surviving the impact of cancer
I was first touched by the impact of cancer in 1969 when my mother was diagnosed with cancer of the kidney. One of her kidneys was removed and we waited to see what would happen. We were hopeful, as she was a strong woman and always filled with optimism.
Unfortunately, the cancer spread to her other kidney, and quickly to the rest of her vital organs. We lost her in January of 1970. I was 13 years old and my life would never be the same. That is the devastating effect of cancer. It touches so many lives. Not just of the person diagnosed and suffering, but of virtually everyone who is close to that person–whether a family member, friend, or work colleague.
The other person closest to me that I have lost through cancer was my cousin, neighbour and best friend Jeanette. Her cancer journey was quite different than my mother’s in that it began with a tiny lump in her lung that was removed. Five years passed and we thought she had won the battle, only to be knocked down with the knowledge that the cancer had metastasized into her bones. She suffered with the deadly pain of bone cancer, and died within a year of the re-diagnosis. Another devastating loss–to me personally, and to everyone who knew her.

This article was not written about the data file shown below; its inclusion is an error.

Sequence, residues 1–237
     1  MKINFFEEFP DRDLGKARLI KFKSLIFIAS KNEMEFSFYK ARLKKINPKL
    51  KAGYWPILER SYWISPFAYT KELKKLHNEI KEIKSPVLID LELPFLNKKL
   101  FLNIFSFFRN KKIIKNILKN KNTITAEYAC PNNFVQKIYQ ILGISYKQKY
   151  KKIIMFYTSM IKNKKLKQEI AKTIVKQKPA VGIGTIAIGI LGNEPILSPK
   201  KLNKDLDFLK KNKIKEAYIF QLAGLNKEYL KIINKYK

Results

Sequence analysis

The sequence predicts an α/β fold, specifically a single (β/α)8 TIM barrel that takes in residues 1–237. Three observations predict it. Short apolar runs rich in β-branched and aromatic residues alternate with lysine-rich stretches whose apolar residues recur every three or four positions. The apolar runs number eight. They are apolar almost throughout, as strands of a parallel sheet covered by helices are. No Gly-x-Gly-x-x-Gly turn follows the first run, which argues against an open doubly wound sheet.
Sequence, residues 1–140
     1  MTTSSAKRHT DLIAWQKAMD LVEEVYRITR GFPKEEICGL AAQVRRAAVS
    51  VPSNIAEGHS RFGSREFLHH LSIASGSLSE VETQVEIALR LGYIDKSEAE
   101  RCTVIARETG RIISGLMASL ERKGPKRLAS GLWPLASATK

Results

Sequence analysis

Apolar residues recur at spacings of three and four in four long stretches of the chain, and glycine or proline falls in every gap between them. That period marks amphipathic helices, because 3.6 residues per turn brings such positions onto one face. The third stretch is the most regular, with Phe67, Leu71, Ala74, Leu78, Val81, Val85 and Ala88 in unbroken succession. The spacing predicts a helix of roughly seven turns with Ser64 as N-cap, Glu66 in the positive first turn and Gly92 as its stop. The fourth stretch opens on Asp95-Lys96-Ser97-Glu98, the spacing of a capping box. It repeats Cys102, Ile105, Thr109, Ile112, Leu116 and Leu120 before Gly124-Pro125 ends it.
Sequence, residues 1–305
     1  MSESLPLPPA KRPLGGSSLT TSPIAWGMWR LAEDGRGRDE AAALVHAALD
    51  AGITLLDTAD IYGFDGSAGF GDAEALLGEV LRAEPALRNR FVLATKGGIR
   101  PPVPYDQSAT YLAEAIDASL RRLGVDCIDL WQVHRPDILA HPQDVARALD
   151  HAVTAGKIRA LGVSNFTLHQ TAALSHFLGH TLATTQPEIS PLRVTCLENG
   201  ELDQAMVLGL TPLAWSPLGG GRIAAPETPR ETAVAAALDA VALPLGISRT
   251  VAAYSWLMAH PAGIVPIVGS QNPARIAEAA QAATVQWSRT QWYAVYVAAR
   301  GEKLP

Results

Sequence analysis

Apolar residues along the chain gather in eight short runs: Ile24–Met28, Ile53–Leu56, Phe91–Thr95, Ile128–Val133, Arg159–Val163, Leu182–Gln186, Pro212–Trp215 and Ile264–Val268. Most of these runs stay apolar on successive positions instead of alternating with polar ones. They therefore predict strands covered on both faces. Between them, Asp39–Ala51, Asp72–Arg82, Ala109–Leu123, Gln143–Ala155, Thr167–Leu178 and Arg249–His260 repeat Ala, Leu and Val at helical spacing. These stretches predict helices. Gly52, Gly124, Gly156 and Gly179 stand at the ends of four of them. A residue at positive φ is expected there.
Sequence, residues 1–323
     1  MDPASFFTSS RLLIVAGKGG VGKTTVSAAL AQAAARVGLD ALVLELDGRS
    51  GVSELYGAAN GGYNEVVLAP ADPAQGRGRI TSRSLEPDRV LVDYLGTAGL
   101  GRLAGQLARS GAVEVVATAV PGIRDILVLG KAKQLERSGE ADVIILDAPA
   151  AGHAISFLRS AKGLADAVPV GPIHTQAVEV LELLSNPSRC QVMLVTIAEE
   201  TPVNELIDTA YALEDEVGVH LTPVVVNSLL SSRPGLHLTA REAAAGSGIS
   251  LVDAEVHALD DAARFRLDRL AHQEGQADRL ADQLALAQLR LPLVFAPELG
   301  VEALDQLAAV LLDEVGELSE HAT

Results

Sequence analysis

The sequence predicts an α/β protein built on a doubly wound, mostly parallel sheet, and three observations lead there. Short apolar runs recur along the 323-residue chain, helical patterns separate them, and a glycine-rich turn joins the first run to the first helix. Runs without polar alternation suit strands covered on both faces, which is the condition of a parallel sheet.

My third most impactful insight into the world of cancer has been via Sharon Brandow, a friend, neighbour and Toastmaster colleague who shared her cancer journey with our club via an immensely powerful speech. In the speech, Sharon tells us about her surgery, chemotherapy and radiation treatments and how they impacted her body and her life. Sharon closes her speech with the words, “We will win the battle with cancer. I have no doubt. And I fully expect to see it in my lifetime.”
Thank you, Sharon, for those powerful words of encouragement, and Happy World Cancer Day to you and all the cancer survivors of the world. You have given us hope that cancer will be beaten.